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Carbon capture and storage update

M. E. Boot-Handford ; J. C. Abanades ; E. J. Anthony ; M. J. Blunt ; S. Brandani ; N. Mac Dowell ; J. R. Fernandez ; M. C. Ferrari ; R. Gross ; J. P. Hallett ; R. S. Haszeldine ; P. Heptonstall ; Anders Lyngfelt (Institutionen för energi och miljö, Energiteknik) ; Z. Makuch ; E. Mangano ; R. T. J. Porter ; M. Pourkashanian ; G. T. Rochelle ; N. Shah ; J. G. Yao ; P. S. Fennell
Energy & Environmental Science (1754-5692). Vol. 7 (2014), 1, p. 130-189.
[Artikel, refereegranskad vetenskaplig]

In recent years, Carbon Capture and Storage (Sequestration) (CCS) has been proposed as a potential method to allow the continued use of fossil-fuelled power stations whilst preventing emissions of CO2 from reaching the atmosphere. Gas, coat (and biomass)-fired power stations can respond to changes in demand more readily than many other sources of electricity production, hence the importance of retaining them as an option in the energy mix. Here, we review the leading CO2 capture technologies, available in the short and long term, and their technological maturity, before discussing CO2 transport and storage. Current pilot plants and demonstrations are highlighted, as is the importance of optimising the CCS system as a whole. Other topics briefly discussed include the viability of both the capture of CO2 from the air and CO2 reutilisation as climate change mitigation strategies. Finally, we discuss the economic and legal aspects of CCS.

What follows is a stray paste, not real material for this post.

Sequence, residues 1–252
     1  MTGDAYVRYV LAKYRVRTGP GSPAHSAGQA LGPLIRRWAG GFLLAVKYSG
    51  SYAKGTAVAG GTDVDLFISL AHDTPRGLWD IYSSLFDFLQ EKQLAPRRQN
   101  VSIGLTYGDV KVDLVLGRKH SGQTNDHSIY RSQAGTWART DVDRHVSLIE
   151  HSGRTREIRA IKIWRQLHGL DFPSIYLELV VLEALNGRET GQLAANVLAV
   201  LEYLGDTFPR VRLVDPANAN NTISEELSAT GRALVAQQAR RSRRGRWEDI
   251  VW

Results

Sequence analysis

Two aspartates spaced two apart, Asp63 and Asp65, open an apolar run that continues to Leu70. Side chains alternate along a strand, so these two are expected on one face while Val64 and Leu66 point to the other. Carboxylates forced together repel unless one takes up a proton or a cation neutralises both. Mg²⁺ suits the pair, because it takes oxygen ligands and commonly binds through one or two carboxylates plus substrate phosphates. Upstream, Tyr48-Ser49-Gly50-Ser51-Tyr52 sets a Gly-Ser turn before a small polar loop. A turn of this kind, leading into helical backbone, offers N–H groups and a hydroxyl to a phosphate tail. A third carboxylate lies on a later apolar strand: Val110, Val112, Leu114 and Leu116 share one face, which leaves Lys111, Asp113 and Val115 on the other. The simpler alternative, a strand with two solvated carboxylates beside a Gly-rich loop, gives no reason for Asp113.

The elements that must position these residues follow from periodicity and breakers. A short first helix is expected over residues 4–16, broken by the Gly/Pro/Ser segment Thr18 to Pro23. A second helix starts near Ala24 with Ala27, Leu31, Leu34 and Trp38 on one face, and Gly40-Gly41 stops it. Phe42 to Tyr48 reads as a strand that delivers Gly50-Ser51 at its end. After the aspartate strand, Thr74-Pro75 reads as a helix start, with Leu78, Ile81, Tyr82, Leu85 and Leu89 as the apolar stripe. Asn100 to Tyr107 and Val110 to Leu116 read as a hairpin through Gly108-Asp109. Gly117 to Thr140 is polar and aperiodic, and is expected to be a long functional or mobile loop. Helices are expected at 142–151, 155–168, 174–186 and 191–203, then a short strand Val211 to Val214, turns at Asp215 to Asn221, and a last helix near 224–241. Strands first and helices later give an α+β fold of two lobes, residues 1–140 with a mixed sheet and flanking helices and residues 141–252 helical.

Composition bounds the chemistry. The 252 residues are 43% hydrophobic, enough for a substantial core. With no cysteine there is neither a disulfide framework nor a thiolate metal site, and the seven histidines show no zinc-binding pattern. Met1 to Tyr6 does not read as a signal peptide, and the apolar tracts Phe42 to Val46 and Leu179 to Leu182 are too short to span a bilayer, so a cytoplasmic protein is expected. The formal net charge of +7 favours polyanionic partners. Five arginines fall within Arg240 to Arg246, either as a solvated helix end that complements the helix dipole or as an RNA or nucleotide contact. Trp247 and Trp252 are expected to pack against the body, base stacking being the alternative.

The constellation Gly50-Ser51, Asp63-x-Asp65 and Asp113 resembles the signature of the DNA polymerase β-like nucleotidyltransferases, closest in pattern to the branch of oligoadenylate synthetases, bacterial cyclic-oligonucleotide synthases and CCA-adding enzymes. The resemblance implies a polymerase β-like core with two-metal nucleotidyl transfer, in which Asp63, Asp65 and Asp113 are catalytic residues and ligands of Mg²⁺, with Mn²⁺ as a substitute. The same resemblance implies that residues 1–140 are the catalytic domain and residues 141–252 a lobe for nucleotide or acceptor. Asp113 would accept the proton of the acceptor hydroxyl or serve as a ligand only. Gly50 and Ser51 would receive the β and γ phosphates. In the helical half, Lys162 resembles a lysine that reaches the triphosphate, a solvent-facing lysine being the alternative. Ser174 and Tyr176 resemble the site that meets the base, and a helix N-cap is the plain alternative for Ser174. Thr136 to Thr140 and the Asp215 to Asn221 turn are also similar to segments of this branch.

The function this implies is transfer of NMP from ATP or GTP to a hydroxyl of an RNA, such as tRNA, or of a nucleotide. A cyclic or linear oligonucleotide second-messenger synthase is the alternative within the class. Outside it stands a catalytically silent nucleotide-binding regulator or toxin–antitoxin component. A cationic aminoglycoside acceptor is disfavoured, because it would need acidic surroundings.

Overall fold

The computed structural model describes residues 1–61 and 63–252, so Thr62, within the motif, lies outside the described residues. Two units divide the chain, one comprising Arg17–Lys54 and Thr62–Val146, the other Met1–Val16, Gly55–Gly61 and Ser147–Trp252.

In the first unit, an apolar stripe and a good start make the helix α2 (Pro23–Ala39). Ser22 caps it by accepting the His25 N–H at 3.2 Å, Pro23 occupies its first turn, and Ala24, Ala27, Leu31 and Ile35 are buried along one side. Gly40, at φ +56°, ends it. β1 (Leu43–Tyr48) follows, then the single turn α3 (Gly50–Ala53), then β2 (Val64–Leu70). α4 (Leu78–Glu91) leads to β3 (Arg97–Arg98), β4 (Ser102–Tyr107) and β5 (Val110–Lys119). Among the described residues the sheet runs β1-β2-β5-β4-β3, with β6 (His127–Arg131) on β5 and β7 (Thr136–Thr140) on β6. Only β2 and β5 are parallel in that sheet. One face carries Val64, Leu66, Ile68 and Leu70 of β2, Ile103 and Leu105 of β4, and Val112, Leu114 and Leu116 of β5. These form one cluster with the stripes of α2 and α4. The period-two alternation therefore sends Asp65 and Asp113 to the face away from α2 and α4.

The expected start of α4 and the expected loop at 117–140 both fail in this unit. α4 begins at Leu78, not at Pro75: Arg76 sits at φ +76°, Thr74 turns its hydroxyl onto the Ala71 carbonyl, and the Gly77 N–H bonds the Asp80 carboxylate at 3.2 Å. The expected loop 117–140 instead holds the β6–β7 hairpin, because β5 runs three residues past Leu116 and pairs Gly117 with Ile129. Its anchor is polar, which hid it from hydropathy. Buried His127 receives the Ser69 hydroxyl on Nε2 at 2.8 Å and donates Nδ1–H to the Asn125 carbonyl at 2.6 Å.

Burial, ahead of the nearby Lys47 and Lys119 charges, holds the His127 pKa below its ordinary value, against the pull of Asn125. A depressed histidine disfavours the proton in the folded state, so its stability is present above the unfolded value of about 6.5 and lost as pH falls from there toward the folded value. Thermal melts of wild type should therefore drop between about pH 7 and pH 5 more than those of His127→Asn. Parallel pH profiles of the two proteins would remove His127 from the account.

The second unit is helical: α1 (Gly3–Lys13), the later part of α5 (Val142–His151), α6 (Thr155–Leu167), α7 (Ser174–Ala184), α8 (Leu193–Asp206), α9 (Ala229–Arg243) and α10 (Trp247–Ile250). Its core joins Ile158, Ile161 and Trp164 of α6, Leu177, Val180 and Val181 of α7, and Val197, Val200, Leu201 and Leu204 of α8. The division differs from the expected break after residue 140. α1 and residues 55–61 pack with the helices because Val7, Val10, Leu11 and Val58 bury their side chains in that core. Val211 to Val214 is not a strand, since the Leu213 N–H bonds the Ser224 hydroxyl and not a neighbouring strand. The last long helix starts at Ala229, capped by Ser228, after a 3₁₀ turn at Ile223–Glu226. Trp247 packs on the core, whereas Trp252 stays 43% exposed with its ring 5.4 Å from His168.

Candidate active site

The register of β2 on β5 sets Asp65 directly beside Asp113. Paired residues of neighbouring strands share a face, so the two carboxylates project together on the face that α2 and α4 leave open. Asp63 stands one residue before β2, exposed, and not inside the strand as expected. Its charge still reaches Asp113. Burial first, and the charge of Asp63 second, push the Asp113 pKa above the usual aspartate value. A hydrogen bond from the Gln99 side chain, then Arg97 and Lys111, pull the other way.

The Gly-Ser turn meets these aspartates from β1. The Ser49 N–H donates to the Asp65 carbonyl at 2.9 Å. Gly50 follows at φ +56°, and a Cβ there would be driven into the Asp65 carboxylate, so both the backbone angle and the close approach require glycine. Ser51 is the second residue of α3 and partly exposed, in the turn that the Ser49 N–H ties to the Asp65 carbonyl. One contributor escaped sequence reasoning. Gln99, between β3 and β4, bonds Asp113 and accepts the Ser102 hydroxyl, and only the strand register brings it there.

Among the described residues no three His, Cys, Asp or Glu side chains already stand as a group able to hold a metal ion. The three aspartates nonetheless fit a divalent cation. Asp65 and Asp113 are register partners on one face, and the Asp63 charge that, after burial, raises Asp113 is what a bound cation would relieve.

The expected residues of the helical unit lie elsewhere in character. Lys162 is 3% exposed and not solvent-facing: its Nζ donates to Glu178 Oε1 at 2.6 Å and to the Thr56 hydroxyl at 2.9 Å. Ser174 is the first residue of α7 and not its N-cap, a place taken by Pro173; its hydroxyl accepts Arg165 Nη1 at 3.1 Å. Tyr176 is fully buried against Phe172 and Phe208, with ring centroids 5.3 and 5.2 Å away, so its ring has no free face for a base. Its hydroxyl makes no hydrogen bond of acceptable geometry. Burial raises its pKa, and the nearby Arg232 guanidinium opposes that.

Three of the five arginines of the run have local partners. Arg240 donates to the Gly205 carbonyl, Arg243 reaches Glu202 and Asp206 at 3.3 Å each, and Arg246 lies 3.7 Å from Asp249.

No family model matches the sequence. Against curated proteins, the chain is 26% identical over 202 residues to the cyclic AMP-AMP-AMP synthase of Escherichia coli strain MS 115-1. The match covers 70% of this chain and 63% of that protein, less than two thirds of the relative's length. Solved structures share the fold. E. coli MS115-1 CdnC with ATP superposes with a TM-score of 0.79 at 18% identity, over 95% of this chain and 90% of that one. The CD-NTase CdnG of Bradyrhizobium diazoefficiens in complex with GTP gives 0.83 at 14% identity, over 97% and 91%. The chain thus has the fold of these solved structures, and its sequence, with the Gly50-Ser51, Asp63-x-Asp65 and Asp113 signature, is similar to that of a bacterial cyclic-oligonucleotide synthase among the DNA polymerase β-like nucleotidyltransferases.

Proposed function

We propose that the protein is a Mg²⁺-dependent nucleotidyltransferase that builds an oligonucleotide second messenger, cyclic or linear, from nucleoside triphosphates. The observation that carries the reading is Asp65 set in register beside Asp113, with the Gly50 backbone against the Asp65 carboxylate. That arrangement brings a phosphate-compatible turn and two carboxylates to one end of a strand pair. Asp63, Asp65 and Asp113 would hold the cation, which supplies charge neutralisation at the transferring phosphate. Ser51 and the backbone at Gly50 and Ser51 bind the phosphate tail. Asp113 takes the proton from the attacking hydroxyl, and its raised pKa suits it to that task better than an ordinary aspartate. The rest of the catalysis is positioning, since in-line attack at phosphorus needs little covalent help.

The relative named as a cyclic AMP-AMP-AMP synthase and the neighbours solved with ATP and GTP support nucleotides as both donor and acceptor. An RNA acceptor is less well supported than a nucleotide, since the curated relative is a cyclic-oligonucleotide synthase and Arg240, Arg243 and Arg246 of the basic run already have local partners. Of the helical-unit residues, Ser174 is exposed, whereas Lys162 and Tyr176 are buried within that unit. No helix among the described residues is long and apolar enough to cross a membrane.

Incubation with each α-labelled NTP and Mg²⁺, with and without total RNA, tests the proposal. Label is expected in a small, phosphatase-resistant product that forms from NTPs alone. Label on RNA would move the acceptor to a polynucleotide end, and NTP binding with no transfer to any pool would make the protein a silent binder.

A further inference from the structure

Denna post skapades 2014-02-06. Senast ändrad 2017-10-06.
CPL Pubid: 193536


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Institutioner (Chalmers)

Institutionen för energi och miljö, Energiteknik (2005-2017)



Chalmers infrastruktur